Guyette became homeless about a year ago. His wife had divorced him and kicked him out of their home in Barre. He was living out of his car in the fall until it became too cold to do so. Shortly after, it broke down.
He stayed at the Good Samaritan Haven in Barre until another blow hit: he had developed an abdominal aortic aneurysm which landed him in the emergency room. And then came the thoracic aortic aneurysm which required another hospital visit and surgery.
He was then moved into the Bel Aire Medical Respite facility located in Burlington where those experiencing homelessness can recuperate after receiving medical care.
Guyette continued his recovery at Anew Place, a shelter in Burlington. He enjoyed it there. He said he developed a group of friends he could lean on who were also surviving homelessness and the employees were helpful and kind. But in early March, the staff broke the news to Guyette and the others.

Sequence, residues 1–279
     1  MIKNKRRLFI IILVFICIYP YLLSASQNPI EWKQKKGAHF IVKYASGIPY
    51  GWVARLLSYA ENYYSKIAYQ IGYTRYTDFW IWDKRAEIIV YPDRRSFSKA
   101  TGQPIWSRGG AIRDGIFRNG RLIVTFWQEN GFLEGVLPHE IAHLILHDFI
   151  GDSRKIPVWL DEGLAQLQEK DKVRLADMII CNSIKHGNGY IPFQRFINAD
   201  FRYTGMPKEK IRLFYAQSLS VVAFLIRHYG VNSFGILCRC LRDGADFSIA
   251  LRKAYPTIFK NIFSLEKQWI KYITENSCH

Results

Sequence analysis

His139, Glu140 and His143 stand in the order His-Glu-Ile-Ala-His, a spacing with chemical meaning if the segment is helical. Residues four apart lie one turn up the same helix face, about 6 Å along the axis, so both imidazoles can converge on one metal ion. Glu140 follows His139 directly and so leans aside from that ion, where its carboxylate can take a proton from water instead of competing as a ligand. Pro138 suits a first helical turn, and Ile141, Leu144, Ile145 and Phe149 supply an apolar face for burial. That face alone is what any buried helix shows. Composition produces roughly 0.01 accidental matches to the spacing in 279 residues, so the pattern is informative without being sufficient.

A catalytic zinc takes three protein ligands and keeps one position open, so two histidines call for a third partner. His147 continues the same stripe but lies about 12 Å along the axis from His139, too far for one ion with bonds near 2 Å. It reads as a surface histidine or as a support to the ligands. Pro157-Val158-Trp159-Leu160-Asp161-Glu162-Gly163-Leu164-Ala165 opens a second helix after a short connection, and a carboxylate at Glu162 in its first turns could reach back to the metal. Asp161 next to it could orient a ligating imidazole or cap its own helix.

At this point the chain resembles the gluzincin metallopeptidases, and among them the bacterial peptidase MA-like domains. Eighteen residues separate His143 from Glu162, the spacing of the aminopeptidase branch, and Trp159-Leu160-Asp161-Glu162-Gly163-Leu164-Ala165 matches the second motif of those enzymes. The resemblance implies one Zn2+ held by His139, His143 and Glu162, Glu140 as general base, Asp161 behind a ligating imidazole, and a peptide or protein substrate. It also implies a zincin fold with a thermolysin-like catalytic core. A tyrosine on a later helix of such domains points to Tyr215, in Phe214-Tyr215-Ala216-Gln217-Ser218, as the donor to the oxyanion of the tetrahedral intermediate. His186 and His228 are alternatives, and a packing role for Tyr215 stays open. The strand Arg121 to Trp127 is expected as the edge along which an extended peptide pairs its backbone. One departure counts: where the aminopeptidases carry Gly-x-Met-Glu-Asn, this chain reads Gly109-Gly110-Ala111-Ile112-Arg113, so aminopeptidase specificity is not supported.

“We were all told on a Saturday we were going to be moved because of the virus. It was right after St. Patrick’s Day,” Guyette said. “That Saturday I got up and they were like ‘Ah, guess what? You’re going.’ And I thought they were joking.”
Because of Guyette’s recent surgeries and lingering medical conditions, he was one of the first shelter residents to be moved. He began his quarantine at the Quality Inn in Colchester.
“It became sort of like a crack house,” Guyette said, describing the hotel. “It was bad. There were drugs all over the place. You walk out of your room and somebody is like, ‘Oh you want something? You want some meth?’”
Guyette said people would be outside yelling in the parking lot until 4 a.m. He said the fire alarm went off frequently from people smoking indoors and that he had heard about some people getting mugged. He carried a knife with him.
“I was glad to get out of there,” Guyette said. He spent 10 weeks at the Quality Inn.
Sean Brown, deputy commissioner of the economic services division and incoming commissioner of the Department for Children and Families, said the state was on the verge of losing partnerships with two hotels that are housing those experiencing homelessness because of incidents with residents. Damaged rooms and behavioral problems have led to tensions, he said.